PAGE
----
The most fundamental aspect of sequencing is setting a clear objective. Your objective will guide your choice of asana, breathing practices, thematic elements and other tools. The objective also helps in deciding against options, thereby narrowing the focus and increasing effectiveness. Questions that will help lead you to your objective include:
- Who are my students?
- What do I want them to learn?
- What do I want them to be able to accomplish by the end of class?
- What do I hope they will take away after practice?
Some types of objectives include preparing for teaching a peak pose, repeating a pose as a way to guide students to new aspects or a deeper expression of the pose, responding to a particular condition or energetic state, or teaching an anatomy-related principle. For more thoughts on setting an objective, see Inviting Inspiration.
Your objective should be specific and clear. Consider also, the value in clearly communicating the learning objective to students.
Before you show up, make sure you know exactly what you want to teach that day. Be specific: is it a pose? Is it a movement that happens in the body during the pose? Is it a region of the body? Is it an energetic or philosophical theme? Ask yourself: if my students could walk away learning ONE thing from my class today, what will it be? And let your sequence communicate for you. – Adrienne Kimberley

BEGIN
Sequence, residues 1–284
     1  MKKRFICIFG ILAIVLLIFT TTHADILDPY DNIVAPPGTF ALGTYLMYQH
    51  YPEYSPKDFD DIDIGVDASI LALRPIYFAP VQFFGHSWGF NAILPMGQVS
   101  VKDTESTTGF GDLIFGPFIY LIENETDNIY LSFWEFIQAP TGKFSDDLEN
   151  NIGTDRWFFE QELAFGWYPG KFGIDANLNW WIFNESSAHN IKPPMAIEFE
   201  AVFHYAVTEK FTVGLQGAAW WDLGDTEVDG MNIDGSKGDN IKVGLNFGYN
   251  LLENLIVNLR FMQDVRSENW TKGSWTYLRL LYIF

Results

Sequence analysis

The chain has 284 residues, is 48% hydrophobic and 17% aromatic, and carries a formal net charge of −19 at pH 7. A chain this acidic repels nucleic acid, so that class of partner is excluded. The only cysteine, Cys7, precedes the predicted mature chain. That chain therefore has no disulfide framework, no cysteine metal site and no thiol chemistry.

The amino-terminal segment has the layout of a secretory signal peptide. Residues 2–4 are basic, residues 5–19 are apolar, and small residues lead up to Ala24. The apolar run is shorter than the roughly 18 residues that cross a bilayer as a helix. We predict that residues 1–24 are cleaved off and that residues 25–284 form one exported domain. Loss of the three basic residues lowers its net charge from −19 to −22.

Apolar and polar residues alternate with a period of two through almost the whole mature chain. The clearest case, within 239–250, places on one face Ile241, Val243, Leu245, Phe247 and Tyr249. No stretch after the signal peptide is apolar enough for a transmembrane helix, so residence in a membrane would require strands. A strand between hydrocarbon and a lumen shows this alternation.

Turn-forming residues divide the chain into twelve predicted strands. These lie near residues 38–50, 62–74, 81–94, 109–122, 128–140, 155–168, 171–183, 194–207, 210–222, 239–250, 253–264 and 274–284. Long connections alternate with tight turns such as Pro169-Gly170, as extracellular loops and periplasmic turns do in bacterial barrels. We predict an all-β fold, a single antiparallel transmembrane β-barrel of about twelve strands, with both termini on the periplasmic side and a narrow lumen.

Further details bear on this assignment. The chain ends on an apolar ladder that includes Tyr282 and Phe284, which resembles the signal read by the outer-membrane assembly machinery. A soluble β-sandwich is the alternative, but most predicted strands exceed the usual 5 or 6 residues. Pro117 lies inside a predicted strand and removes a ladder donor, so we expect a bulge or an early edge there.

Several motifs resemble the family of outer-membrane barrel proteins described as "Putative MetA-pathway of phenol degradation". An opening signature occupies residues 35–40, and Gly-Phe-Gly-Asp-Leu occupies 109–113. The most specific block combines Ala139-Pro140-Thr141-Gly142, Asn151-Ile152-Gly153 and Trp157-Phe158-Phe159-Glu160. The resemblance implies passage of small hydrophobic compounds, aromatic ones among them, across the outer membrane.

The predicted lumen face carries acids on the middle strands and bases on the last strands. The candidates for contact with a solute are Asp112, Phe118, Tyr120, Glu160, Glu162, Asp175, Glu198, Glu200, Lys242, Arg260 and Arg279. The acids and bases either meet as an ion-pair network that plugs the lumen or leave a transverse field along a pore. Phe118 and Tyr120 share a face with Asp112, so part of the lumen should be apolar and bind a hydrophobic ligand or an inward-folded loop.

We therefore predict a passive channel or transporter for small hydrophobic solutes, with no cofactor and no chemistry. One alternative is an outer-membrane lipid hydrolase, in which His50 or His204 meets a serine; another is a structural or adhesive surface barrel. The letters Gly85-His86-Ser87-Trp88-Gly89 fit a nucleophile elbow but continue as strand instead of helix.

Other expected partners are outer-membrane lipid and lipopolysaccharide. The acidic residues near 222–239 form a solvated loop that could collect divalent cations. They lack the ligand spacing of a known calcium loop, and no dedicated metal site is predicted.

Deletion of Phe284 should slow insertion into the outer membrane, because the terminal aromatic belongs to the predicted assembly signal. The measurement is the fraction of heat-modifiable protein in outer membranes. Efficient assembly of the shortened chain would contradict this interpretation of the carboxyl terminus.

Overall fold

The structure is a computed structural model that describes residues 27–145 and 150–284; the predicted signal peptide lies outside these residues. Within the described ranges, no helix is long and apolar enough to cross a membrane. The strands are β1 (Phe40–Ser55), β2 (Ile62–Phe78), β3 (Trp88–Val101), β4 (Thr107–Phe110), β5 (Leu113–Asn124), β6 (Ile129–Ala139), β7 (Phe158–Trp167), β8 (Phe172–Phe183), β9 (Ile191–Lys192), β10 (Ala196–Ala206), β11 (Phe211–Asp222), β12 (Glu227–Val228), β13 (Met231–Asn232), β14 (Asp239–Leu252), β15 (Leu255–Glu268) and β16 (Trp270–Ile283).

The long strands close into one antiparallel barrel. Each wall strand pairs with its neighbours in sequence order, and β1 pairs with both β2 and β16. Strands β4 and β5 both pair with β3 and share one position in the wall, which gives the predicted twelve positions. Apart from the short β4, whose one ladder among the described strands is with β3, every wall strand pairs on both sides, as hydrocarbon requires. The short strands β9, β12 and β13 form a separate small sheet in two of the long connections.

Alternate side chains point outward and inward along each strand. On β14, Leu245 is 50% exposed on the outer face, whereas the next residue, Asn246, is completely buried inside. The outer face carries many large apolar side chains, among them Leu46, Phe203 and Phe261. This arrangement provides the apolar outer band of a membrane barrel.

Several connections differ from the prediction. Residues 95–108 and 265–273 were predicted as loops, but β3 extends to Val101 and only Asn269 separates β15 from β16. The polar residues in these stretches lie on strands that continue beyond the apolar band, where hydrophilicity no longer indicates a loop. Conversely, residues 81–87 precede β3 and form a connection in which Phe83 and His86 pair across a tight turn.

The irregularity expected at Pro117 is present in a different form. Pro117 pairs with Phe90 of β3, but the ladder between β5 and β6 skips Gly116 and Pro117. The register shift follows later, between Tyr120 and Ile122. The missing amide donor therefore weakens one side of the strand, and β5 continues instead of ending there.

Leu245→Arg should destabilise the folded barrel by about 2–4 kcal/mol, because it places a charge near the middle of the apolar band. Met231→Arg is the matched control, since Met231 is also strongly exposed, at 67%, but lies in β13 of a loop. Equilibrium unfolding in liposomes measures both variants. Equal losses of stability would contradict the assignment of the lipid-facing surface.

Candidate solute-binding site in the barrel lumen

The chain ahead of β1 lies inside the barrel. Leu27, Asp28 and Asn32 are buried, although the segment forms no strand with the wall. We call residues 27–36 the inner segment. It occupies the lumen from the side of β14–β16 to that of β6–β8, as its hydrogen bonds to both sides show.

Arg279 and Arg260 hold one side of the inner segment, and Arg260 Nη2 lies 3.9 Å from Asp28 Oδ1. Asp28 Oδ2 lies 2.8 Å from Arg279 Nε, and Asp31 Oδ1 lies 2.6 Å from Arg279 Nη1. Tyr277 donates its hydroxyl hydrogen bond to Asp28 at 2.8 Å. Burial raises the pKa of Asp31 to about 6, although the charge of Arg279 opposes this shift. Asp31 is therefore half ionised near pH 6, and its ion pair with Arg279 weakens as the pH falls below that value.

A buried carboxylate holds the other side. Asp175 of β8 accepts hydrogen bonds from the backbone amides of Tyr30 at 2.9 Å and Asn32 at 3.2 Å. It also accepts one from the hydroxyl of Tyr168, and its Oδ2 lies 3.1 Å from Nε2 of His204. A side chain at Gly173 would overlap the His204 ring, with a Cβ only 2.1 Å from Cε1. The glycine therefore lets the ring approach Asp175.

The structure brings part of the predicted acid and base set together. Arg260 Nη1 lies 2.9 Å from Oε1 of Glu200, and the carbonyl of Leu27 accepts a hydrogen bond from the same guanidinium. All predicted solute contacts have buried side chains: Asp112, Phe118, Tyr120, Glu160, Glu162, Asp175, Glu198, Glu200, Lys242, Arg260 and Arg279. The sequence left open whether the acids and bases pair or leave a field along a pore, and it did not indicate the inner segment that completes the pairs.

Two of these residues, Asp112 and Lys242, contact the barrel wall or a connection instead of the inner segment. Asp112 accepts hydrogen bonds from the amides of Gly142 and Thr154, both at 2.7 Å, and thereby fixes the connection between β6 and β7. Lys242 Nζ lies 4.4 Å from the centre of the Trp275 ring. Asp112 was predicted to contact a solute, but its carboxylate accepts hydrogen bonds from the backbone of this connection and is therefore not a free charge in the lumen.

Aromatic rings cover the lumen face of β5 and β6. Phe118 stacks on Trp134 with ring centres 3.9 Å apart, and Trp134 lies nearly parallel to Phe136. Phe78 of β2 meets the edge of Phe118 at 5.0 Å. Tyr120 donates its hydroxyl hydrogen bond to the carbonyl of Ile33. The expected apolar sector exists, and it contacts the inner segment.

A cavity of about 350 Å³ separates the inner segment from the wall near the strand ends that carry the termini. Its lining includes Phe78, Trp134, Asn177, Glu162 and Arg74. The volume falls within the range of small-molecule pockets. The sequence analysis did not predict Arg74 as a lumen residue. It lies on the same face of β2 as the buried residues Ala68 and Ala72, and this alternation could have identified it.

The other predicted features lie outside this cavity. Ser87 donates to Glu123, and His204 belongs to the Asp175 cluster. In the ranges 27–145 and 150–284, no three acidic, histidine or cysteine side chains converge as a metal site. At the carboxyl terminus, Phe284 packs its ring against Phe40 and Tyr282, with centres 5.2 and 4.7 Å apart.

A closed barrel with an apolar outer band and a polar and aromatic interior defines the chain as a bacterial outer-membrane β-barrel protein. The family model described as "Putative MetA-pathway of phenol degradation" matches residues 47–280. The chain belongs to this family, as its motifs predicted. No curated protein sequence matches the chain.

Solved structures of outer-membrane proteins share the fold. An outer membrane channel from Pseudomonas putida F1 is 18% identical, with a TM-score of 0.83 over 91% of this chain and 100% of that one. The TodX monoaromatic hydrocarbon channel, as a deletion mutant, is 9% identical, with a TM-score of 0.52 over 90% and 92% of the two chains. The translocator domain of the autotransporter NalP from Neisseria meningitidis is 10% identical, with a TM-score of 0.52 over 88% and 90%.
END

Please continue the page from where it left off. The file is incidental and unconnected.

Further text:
Avoid “Everything But the Kitchen Sink”
In any yoga practice one element is always dominant. If you want to make it asana, that’s fine, then breath can support it along with meditation and other things. If you want to make the breath a dominant element… then the asana and other things play a supportive role. Otherwise the practice can become an example of “everything but the kitchen sink”. You can organize your yoga practice around an idea, or meditation, or chanting, or ritual, or mudra – whatever you think will help you manifest the intention that you have for the class, as long as it’s one main thing. – Olga Kabel
Introduce the Learning Objective
A teacher may hope to help their students find balance in Tree Pose… If that teacher starts class introducing foot anatomy and weight placement in balance poses, they are setting their students up for success when it is time to practice Tree Pose. Starting class with a personal anecdote or discovery, a yoga philosophy lesson, thought-provoking question, etc. are also great ways to develop and introduce a class aim. – Ling Beisecker